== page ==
Maternal influences on youth responses to peer stress

Jamie L. Abaied, Karen D. Rudolph

Research output: Contribution to journalArticlepeer-review


Understanding how youths develop particular styles of responding to stress is critical for promoting effective coping. This research examined the prospective, interactive contribution of maternal socialization of coping and peer stress to youth responses to peer stress. A sample of 144 early adolescents (mean age = 12.44 years, SD = 1.22) and their maternal caregivers completed questionnaires and semistructured interviews in 2 waves over a 1-year period. Results revealed that mothers' disengagement coping suggestions predicted maladaptive responses to stress, particularly for youths who received low levels of engagement suggestions, and engagement coping suggestions protected youths against maladaptive responses to stress. Importantly, these effects emerged only in the context of heightened peer stress. This research suggests that maternal socialization of coping has the potential to support or undermine youths' development of an effective repertoire of responses to stress.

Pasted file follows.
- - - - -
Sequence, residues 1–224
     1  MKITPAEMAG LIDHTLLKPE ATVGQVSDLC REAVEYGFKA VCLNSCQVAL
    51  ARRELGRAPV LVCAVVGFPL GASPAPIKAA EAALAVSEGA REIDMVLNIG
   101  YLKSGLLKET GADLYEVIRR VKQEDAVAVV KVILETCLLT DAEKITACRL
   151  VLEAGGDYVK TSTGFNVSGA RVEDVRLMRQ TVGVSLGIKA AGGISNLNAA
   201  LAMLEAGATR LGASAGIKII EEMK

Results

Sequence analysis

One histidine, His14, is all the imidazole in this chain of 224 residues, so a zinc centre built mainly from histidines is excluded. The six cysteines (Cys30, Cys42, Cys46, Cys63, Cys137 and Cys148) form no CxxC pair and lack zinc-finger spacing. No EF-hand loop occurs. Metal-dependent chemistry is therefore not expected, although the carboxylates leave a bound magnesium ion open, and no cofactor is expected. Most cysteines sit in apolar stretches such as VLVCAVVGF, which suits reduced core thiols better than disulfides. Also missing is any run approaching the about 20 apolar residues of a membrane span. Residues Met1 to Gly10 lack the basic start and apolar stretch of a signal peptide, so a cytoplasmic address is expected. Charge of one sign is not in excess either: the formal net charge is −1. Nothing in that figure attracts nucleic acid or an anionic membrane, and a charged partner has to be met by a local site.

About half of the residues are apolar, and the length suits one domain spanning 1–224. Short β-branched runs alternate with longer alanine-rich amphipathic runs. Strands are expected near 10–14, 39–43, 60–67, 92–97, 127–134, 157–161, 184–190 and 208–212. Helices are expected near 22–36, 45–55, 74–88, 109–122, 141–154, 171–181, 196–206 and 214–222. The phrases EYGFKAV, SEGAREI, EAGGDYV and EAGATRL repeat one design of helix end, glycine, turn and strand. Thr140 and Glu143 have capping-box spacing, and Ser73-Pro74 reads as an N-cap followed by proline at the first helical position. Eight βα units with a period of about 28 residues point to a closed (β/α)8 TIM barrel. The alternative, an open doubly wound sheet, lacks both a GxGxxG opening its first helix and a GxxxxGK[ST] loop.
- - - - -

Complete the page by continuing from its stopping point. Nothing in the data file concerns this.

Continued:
Original languageEnglish (US)
Pages (from-to)1776-1785
Number of pages10
JournalDevelopmental psychology
Issue number6
StatePublished - Nov 2011


  • Coping
  • Parenting
  • Peer relationships
  • Socialization
  • Stress

ASJC Scopus subject areas

  • Demography
  • Developmental and Educational Psychology
  • Life-span and Life-course Studies


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